We have been raising rhea here at Hopkins' Alternative Livestock for almost 20 years. We have both gray and white rhea at our farm, however, the majority of our rhea are white. Over the years, we have raised thousands of birds and gained invaluable knowledge. Please use the information we have posted on our website to successfully raise your rhea.
Rheas are natives of the grasslands and brushy regions of South America. They are found in eastern and central Brazil, Paraguay, Uruguay, Bolivia, and Central Argentina.
Rheas are members of the zoological superorder that also includes the ostrich, emu, cassowary, and kiwi, which are collectively known as ratites. All of these birds share in common small or rudimentary wings and a breastbone with no keel. The adult birds are a slate gray color with black on the head, neck, and between the shoulders. The male has more black coloration between the shoulders at the base of the neck. Rheas can also be white in color and sometimes even pure white. This color mutation has been propagated in captivity and is now quite common. The adult birds stand about 5 feet tall and weigh between 60 and 70 pounds. The male is the larger of the two sexes.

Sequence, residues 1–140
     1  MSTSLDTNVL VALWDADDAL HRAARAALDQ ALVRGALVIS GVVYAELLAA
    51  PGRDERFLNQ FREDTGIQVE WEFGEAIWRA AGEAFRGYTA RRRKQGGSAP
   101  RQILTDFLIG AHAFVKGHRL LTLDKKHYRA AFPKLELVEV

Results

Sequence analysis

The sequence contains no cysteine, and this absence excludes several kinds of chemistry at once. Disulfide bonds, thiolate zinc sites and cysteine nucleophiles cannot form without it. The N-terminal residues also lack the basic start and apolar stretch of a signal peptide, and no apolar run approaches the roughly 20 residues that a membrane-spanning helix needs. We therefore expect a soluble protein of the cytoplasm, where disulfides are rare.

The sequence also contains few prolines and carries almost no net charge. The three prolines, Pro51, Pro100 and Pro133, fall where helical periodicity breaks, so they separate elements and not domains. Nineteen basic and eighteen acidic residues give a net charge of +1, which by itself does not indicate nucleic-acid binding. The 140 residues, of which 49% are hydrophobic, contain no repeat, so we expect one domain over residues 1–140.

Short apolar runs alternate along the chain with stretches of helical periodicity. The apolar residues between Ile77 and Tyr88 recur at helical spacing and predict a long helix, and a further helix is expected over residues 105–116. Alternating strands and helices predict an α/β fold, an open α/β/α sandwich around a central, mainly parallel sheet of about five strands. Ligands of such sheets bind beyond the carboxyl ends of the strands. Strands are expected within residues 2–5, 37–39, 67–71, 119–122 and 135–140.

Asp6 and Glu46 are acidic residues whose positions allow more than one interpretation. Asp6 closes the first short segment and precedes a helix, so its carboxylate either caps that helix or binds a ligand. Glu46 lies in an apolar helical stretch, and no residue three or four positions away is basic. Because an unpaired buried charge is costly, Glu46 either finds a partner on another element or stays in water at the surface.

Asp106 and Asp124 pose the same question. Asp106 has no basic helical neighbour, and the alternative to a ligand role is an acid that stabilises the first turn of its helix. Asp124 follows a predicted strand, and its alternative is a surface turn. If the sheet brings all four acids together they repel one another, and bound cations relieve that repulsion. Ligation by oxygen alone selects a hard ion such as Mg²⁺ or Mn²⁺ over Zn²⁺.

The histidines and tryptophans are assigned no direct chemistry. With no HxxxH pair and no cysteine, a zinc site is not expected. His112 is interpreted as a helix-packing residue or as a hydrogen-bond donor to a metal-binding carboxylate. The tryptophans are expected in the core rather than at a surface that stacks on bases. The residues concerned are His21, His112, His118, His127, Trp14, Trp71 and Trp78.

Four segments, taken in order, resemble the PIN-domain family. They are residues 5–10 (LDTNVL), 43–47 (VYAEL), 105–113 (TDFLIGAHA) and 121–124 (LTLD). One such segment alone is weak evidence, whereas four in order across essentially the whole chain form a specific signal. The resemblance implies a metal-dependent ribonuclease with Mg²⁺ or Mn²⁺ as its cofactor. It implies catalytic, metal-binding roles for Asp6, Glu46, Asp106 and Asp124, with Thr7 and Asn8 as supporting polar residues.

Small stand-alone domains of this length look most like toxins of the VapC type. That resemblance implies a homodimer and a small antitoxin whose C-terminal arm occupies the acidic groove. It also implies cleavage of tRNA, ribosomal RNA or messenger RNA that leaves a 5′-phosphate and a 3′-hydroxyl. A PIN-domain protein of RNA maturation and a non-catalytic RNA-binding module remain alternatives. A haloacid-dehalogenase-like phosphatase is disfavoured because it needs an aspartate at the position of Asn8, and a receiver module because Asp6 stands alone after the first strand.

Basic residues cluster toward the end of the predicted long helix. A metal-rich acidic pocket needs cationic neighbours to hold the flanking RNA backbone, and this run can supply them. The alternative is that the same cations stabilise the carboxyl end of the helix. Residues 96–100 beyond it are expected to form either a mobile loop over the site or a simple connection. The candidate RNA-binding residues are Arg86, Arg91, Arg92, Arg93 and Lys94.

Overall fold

Rheas are polygamous-polyandrous, which means that the roles of the males and females are reversed in regards to incubation of eggs and rearing of young. Rheas are mainly grazers and consume large quantities of grass, clover, dandelions, and other broad-leaf weeds. They will also eat small eggs, insects, earthworms, and small snakes.
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